New York Fashion Week Fall/Winter 2016
The Big Apple’s nine days of runway shows rocketed past in a whirlwind. But among the madness were some standout fashion moments, thanks, in part, to six members of the Swarovski Collective. Their partnerships with Swarovski showed precisely how crystals optimize cut and fabric texture in the hands of masters.
Assoulin has carved out a unique role for herself on the NYFW landscape with fresh and exuberant designs offering an uplifting perspective on color and structure. For her Fall/Winter 2016 collection, Assoulin looked to the artist Polly Apfelbaum for inspiration, and used Swarovski crystals to “add a playfulness.” This translated into flowing white gowns, trousers and wide-cuffed shirts punctuated with ordered lines of multi-colored crystals, lending a neat geometric feel to the garments’ striking shapes. “Fall can seem dark and heavy,” said Assoulin. “The crystals bring a different element to the collection that makes it feel light-hearted.”
Ryan Lobo and Ramon Martin are a New York-based duo gaining serious international traction. This winter, they presented a sharp collection in a strong monochrome palette complemented with dusky khaki green. The pieces were an interesting play on men’s tailoring and shirting, and the delicacy of lace and full skirts. Taking their cue from the video and installation artist Mona Hatoum and conceptual artist Barbara Kruger, they inset Swarovski crystals in geometric patterns and combined different textures into sharp formations across net lace sleeves worn under oversized shirting. A key motif was the protective evil eye rendered in dazzling Swarovski crystals.
Anyone who spent their childhood playing video games like Tetris will be charmed by designer Tim Coppens latest work. In mixing references as diverse as Japanese streetwear and traditional Western motifs with rock stars Axel Rose and Jimi Hendrix, he has come up with striking embellishment that evokes that early console era. The mash-up collection was a cool mix of streetwear—hooded jumpers, bomber jackets and sportif striped polo tops—elevated with Swarovski crystal patches and pearls. “Adding Swarovski is a great way of adding dimension to my pieces,” says Coppens. “The beading creates a 3D effect and reflects light in new and interesting ways that you cannot achieve with traditional fabrics.”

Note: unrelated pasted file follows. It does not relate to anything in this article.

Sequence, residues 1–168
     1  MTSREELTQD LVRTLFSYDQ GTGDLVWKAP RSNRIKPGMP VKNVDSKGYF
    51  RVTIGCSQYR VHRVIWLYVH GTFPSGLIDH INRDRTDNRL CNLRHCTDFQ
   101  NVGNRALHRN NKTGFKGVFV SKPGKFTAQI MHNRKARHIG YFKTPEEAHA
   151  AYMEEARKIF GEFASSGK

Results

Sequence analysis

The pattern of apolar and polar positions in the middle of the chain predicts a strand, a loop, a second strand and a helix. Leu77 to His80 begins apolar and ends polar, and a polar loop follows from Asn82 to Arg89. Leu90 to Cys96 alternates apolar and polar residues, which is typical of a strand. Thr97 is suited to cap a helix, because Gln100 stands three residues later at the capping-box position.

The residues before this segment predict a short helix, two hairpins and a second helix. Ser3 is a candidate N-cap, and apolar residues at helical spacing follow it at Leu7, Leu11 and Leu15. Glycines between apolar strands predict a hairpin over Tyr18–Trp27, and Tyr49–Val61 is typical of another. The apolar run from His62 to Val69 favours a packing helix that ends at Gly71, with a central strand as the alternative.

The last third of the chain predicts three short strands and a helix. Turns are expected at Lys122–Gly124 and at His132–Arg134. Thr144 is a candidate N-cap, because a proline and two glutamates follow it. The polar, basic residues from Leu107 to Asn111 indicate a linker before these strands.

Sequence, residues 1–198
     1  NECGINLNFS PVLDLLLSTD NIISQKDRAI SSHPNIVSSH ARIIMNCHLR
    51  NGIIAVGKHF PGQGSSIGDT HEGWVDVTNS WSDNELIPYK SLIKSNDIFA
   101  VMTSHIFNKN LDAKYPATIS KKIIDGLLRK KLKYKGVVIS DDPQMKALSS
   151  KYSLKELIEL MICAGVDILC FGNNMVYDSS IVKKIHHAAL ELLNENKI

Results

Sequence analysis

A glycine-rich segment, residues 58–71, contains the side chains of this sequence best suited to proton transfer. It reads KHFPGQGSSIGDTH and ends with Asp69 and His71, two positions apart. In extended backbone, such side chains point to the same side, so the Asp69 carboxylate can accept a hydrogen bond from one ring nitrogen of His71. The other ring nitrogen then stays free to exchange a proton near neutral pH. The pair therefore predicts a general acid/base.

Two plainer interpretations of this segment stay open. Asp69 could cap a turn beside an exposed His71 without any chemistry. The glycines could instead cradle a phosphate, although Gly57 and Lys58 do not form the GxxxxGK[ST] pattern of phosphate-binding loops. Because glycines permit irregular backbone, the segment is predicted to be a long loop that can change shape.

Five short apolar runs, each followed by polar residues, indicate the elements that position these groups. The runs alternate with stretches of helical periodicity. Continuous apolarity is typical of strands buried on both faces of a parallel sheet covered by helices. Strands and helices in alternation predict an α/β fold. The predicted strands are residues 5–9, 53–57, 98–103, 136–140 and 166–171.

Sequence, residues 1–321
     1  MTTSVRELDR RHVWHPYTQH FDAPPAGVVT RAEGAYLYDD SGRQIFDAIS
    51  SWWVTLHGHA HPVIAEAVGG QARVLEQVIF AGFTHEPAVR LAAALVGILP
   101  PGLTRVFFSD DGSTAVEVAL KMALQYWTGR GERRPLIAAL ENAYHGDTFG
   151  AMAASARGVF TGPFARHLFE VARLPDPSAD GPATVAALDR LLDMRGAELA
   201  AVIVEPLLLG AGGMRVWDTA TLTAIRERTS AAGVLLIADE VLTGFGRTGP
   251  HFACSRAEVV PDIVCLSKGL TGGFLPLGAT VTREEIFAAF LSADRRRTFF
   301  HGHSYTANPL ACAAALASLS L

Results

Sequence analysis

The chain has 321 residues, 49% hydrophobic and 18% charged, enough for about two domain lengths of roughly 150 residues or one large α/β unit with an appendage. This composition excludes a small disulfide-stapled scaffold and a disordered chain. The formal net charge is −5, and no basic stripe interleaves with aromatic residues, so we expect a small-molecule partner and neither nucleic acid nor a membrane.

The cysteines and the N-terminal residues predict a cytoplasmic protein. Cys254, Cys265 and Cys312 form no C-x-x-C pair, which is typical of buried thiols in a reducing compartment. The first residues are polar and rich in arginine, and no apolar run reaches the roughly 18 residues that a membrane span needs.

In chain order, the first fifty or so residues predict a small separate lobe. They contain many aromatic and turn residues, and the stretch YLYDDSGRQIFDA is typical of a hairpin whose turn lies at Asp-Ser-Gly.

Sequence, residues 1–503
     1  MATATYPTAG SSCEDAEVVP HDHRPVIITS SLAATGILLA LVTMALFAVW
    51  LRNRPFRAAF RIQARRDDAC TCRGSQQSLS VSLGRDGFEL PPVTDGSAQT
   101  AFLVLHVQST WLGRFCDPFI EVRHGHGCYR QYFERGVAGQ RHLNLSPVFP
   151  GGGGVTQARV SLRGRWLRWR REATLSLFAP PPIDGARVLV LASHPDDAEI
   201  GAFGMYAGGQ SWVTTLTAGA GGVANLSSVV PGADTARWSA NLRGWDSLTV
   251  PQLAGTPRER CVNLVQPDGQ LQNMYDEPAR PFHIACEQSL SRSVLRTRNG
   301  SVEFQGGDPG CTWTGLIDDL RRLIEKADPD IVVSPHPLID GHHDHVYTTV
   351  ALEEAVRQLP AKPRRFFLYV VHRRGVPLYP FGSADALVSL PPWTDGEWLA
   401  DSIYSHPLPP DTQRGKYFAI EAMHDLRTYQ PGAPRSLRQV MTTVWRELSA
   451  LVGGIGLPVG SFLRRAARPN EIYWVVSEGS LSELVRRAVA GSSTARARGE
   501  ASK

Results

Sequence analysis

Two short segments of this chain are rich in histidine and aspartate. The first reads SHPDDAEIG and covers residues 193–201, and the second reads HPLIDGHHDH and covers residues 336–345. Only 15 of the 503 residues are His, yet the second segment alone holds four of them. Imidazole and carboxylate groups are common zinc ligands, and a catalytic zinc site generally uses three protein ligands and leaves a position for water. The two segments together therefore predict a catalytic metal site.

Creatures of the Wind
The trend for mid-century modern design has well and truly hit the fashion world: this duo offered one of the most comprehensive and charming takes on ideas borrowed from that era. Shane Gabier and Christopher Peters used specific references from mid-century muses such as Charles and Ray Eames, Carl Auböck and Ikko Tanaka, working with Swarovski crystals to create amazing patterns: A square-cut shift dress was enlivened with multi-block crystal straps, and a gray silk skirt featured swirling geometric shapes, with the same pattern repeated on the arms of a structured black cocktail dress. “Swarovski is an integral part of this story,” explained the designers. “It’s always important to us to re-contextualize elements, and to ask the viewer to reimagine something they may think they know. Using Swarovski in our own way helps us to do this.”
For Fall/Winter 2016,Taylor’s girl takes her fashion references from the outdoor world, drawing on the interplay of lush botanicals and deconstructed geometric shapes. The collection took its form from symmetry and clean, ordered lines. Neatly cut baby-doll dresses with sheer paneling were enhanced with sweet, 3D-embroidered leaves and floral bouquets; the same technique was appliquéd onto pencil skirts spliced open at the front, and cascading across the shoulders of bomber jackets. The colorful embellishment in bright blues, oranges, pink and whites gave a lively counterpoint to a collection mainly rendered in black.
Australian designer Dion Lee entitled his Fall/Winter collection ‘Apature’, describing it as an experimentation in negative space, and referencing the work of artist Otto Piene. This translated into minimally shaped, gently cut pieces in black and khaki, elevated with Swarovski hotfix crystals on structured pleats of asymmetric, hemmed, silk georgette dresses and skirts in pleasingly calm, straight lines. The designer explained his work by saying that “an important part of interpreting the creative concept of the collection allowed us to experiment with light, shadow play and weightlessness. The crystals appeared to be suspended, almost floating, in punctures throughout the collection. In other garments they were heat-welded, creating a luminous contrast to the sheer panels in between.”
Photography Dan Lecca